U.S. Denies Proposing a Demilitarized Palestinian State on the West Bank and Gaza Strip
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U.S. Denies Proposing a Demilitarized Palestinian State on the West Bank and Gaza Strip

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The State Department denied today that U.S. officials proposed a “demilitarized Palestinian state” on the West Bank and Gaza Strip to Israeli Defense Minister Ariel Sharon during his visit here last week. “We have made no such proposals and did not make such a proposal during Sharon’s visit,” State Department spokesman John Hughes said.

The Israeli Cabinet at its meeting yesterday flatly rejected the idea of a demilitarized Palestinian state. The Cabinet acted after hearing a report on talks by Sharon with Reagan Administration officials. According to the report, one of the ideas suggested to Sharon was the proposal for such a state.

Hughes stressed that the U.S. does not agree with Sharon’s contention that Jordan is the Palestinian state. “The Reagan Administration, like its predecessor, supports the territorial integrity and unique and enduring character of Jordan, ” he added.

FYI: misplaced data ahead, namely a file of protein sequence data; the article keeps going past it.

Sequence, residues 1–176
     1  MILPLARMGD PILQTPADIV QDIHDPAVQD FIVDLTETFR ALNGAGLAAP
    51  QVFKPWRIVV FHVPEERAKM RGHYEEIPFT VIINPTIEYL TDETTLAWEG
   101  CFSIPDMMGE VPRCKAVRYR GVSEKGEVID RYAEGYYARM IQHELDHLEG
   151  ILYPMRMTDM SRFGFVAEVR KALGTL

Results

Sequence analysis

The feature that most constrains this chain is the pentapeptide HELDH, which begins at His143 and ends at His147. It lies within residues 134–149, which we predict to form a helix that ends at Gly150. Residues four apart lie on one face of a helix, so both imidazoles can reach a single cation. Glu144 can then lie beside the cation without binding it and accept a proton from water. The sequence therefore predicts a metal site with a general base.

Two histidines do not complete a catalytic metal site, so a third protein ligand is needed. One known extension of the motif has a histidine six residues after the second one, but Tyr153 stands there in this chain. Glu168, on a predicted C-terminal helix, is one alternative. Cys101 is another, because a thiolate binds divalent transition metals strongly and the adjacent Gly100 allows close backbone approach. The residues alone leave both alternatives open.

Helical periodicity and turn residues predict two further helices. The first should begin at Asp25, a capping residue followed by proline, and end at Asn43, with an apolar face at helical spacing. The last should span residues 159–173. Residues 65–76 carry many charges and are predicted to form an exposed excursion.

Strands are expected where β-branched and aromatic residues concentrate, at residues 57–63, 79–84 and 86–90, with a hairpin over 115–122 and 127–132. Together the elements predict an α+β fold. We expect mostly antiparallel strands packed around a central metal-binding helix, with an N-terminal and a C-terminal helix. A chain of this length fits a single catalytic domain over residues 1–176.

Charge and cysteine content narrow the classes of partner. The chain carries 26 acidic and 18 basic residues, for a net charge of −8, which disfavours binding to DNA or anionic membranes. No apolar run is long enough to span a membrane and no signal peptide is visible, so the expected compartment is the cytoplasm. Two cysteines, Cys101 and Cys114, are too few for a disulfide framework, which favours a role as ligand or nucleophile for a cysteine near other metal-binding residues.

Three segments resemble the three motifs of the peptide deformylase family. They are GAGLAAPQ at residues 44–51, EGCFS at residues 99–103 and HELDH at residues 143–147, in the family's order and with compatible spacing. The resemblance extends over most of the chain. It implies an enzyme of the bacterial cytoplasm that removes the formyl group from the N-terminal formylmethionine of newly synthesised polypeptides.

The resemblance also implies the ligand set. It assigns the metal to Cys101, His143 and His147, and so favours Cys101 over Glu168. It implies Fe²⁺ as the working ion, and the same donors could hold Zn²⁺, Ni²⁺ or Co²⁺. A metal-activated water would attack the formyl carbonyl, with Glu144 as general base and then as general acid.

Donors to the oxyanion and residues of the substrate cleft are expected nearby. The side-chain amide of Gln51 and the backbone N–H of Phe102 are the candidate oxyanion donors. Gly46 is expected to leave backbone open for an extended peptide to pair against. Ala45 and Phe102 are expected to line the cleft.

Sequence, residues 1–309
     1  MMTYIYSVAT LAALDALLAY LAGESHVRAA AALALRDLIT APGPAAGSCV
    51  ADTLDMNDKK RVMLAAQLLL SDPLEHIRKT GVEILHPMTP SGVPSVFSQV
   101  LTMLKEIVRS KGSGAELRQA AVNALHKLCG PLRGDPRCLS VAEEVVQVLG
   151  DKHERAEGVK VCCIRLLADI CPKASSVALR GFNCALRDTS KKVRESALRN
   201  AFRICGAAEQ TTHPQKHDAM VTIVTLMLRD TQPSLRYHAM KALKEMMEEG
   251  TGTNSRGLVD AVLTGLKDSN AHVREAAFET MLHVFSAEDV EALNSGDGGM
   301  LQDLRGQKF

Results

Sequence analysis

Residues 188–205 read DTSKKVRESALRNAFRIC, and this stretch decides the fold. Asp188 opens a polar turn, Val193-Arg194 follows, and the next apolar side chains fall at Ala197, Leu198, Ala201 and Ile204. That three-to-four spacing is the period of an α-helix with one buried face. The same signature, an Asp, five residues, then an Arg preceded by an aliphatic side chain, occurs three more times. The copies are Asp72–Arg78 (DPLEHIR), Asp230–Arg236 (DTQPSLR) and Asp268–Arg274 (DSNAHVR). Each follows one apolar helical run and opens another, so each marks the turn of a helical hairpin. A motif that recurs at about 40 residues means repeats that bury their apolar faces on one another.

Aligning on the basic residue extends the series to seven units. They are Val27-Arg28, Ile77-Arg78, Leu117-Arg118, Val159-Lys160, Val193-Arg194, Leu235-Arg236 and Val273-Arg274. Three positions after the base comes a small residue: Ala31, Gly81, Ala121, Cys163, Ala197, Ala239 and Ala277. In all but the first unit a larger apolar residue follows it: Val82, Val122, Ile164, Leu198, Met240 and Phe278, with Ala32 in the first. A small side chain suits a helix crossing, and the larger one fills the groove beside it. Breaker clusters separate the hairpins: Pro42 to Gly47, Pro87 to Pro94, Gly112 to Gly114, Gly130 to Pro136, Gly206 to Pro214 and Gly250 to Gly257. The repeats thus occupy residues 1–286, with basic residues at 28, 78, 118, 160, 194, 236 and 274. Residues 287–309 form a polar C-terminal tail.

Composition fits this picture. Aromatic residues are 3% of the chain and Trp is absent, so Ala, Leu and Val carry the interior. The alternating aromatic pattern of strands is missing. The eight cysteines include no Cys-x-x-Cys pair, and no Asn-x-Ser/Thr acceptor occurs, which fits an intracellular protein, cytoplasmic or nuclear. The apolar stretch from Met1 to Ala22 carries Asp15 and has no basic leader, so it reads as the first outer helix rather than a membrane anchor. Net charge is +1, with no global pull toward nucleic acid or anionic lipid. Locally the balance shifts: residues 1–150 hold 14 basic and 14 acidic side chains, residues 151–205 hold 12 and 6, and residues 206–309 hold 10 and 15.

Hughes said 600 terrorists left this morning by sea for Cyprus, while 2,000 Syrian troops went overland to Syria. He did not have a total figure for the number of PLO terrorists who left since the evacuation began August 20. But he said the number has exceeded the sum of 7,000 terrorists U.S. special envoy Philip Habib had estimated were in Beirut. This, Hughes noted, proves that the evacuation is “going very well.”

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